Problems to be addressed Aptamers (oligonucleotides) are extremely sensitive to nuclease activity. As a consequence, the half life of such compounds will be very short when they are used as therapeutics. However, methods are available to modify the aptamers in such a manner that they can remain in the body over a longer period of time. Modification of the aptamer can also be performed in order to create a higher affinity against the target molecule. But, it must be tested whether such modifications can be achieved without loss of bioactivity of the aptamer.

4.8

Applications in other areas of research Aptamers can be used in other areas of research as well. For detection and identification, aptamers can be used in sensors. For diagnostic purposes and dosimetry, aptamers against specific biomarkers of exposure can be coupled to, for instance, magnetic beads to isolate specific biomarkers from the biological matrix. Aptamers can also be used to decontaminate both man and equipment. Aptamers can be developed against peptide and non-peptide compounds, including the TIC's (toxic industrial chemicals).

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References Broekhuijsen, M.P.; Boomaars, W.E.M. and Laaken, A.L. van der (2000), Antidotes for neurotoxin intoxication. Selection of peptides with phage display, TNO report PML 1999-B017 (Stg. Confidential). Bruno, J.G. (1997a), A colorimetric inhibition study of single-stranded DNA decamer sequence interactions with dinitrotoluene, Biochem. Biophys. Res. Comm. 236: 344-346. Bruno, J.G. (1997b), In vitro selection of DNA to chloroaromatics using magnetic microbead-based affinity separation and fluorescence detection, Biochem. Biophys. Res. Comm. 234: 117-120. Bruno, J.G. and Kiel, J.L. (1999), In vitro selection of DNA aptamers to anthrax spores with electrochemiluminescence detection, Biosensors & Bioelectronics 14: 457-464. Bruno, J.G. and Kiel, J.L. (2002), Use of magnetic beads in selection and detection of biotoxin aptamers by electrochemiluminescence and enzymatic methods, Biotechniques 32: 178-183. Gold, L. (1995), Oligonucleotides as research diagnostics, and therapeutic agents, 1. Biol. Chem 270: 13581-13584. Gold, L.; Brown, D.; He, Y-Y.; Shtatland, T.; Singer, B.S. and Wu, Y. (1997), From oligonucleotide shapes to genomic SELEX: Novel biological regulatory loops, Prc. Nat. Acad. Sci. USA 94: 59-64. Hesselberth, J.R.; Miller, D.; Robertus, J. and Ellington, A.D. (2000), In vitro selection of RNA molecules that inhibit the activity of Ricine A-chain, J. Biol. Chem. 275: 4937-4942.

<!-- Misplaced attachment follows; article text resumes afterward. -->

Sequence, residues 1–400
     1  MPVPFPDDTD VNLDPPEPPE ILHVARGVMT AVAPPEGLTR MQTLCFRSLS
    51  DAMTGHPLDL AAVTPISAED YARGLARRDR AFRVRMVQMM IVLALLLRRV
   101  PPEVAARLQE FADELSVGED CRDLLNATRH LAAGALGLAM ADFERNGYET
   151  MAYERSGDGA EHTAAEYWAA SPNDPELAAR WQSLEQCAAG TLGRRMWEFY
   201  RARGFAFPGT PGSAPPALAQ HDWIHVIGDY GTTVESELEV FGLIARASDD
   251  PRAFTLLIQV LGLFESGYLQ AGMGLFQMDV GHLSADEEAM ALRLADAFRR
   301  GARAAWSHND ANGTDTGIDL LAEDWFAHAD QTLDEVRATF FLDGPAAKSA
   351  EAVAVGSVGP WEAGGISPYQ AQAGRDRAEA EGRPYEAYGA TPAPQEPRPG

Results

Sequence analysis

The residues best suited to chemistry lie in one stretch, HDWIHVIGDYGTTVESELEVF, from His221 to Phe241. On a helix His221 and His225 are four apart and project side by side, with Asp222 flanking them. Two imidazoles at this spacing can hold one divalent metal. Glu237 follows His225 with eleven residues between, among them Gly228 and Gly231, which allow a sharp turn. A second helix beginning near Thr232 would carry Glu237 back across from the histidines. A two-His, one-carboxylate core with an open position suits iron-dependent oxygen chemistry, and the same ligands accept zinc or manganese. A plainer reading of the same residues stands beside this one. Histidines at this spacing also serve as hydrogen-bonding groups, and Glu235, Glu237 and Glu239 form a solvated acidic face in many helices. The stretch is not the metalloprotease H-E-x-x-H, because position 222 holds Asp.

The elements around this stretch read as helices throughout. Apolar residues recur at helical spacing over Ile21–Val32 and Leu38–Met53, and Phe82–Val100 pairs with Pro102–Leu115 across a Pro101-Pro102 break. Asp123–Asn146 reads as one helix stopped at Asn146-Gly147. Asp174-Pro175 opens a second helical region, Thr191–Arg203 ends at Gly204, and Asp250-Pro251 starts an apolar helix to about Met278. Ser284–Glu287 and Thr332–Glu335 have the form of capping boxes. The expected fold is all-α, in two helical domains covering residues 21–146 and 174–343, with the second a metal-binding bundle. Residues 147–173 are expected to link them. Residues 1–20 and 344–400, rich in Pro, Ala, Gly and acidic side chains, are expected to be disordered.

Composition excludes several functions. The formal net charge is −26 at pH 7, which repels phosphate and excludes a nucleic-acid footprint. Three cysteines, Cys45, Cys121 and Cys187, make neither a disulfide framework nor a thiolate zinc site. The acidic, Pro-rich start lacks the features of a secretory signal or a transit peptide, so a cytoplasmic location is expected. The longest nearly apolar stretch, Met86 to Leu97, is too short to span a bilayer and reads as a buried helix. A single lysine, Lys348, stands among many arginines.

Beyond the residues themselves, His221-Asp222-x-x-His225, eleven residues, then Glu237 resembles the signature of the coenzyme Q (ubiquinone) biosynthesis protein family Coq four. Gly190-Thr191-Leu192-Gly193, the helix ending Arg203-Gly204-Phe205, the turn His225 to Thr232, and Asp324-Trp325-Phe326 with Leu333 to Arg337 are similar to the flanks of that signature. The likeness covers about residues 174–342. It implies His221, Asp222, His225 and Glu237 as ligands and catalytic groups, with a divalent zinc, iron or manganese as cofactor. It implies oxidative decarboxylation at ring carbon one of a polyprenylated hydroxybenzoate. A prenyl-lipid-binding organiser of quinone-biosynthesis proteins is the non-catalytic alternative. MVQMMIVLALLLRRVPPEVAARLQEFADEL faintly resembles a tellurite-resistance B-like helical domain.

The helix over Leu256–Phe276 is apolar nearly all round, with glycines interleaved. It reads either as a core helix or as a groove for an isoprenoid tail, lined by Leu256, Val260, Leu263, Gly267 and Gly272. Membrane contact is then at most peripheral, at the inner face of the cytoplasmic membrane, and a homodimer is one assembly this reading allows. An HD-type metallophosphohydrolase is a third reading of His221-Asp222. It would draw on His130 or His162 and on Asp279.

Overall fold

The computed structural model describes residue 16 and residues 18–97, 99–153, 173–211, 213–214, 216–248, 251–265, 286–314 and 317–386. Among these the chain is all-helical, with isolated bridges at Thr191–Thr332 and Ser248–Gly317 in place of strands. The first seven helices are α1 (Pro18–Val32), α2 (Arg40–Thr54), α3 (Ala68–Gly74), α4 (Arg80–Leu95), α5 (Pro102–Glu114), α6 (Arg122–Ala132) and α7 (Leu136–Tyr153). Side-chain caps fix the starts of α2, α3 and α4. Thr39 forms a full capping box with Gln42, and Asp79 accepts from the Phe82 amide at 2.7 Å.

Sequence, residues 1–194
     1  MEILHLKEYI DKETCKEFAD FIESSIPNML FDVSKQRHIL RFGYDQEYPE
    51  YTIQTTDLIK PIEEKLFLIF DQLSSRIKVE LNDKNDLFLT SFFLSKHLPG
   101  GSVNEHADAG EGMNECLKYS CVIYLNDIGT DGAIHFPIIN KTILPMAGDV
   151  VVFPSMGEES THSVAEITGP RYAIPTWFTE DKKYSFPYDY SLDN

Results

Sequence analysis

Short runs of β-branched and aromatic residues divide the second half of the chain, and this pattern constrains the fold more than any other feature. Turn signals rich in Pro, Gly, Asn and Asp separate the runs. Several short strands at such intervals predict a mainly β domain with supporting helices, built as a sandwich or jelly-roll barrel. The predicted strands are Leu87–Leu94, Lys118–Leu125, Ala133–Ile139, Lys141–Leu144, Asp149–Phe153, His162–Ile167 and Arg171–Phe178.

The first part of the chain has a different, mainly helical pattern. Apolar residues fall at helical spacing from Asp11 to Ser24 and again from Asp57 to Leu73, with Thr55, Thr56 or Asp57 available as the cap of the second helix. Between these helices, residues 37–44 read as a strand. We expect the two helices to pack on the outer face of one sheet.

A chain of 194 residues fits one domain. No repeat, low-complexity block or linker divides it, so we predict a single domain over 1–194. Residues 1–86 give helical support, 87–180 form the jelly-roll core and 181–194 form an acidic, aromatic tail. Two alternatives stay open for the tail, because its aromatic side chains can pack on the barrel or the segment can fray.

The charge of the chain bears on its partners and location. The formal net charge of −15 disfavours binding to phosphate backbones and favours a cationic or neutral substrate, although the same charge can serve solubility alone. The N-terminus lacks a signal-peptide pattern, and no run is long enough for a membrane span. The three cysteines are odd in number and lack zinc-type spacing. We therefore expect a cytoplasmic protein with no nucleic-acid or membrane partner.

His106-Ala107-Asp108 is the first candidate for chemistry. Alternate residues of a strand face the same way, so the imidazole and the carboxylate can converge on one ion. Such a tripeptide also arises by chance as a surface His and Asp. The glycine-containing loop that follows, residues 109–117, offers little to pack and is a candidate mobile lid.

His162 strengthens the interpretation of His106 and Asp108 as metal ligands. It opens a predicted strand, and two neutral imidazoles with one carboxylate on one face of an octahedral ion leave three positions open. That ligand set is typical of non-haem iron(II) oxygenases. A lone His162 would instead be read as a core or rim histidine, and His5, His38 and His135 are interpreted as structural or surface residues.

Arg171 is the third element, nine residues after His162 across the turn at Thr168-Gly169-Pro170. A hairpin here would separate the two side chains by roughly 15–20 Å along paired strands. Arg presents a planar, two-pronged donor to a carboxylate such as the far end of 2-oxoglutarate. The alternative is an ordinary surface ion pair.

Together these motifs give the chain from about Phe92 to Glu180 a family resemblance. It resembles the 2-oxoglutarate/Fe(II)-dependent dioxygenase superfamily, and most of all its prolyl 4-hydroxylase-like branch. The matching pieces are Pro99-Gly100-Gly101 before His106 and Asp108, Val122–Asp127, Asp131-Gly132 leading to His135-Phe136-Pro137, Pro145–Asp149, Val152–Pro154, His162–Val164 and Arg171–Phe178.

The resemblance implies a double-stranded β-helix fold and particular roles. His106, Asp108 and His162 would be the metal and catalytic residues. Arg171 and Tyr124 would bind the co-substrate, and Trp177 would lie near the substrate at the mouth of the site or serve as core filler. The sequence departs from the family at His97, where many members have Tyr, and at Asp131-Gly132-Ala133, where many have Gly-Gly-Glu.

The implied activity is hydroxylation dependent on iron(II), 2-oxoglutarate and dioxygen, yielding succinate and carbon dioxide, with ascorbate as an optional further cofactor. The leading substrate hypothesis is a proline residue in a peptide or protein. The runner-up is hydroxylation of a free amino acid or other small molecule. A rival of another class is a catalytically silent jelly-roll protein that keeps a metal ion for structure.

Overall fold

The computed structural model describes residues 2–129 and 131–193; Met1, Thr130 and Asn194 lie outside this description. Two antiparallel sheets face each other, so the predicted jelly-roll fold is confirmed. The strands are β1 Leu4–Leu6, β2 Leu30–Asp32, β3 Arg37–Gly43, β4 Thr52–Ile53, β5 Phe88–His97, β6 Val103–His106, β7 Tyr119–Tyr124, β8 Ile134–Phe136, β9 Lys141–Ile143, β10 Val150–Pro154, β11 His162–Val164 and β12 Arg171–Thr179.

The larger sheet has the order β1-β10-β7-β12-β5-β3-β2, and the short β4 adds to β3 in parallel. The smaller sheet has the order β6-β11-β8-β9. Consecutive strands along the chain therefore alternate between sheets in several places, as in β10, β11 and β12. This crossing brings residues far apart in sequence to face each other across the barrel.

Huot, R.I.; Armstrong, D.L. and Chanh, T.C. (1989), In vitro and in situ inhibition of the sodium channel blocker saxitoxin by monoclonal antibodies, J. Toxicol. Environ. Health 27: 381-393. Iqbal, S.S.; Mayo, M.W.; Bruno, J.G.; Bronk, B.V.; Batt, C.A. and Chambers, J.P. (2000), A review of molecular recognition technologies for detection of biological threat agents, Biosensors & Bioelectronics 15: 549-578.

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Kralovec, J.A.; Laycock, MN.; Richards, R. and Usleber, E. (1996), Immobilization of small molecules on solid matrices: a novel approach to enzymelinked immunosorbent assay screening for saxitoxin and evaluation of anti-saxitoxin antibodies, Toxicon 34 (10): 1127-1140. Micheli, L.; Di Stefano, S.; Moscone, D.; Palleschi, G.; Marini, S.; Coletta, R. and delli Quadri, F. (2002), Production of antibodies and development of highly sensitive formats of enzyme immunoassay for saxitoxin analysis, Anal. Bioanal. Chem. 373: 678-684. Rumley-Van Gurp, R.A.; Noort, D.; Gerritse, K. And Chau, L.F. (1998), Design and synthesis of [t-conotoxin analogues with a possible antagonistic effect on intoxication by saxitoxin and tetrodotoxin, TNO report PML 1997-A98. Toulmd, J-J. (2000),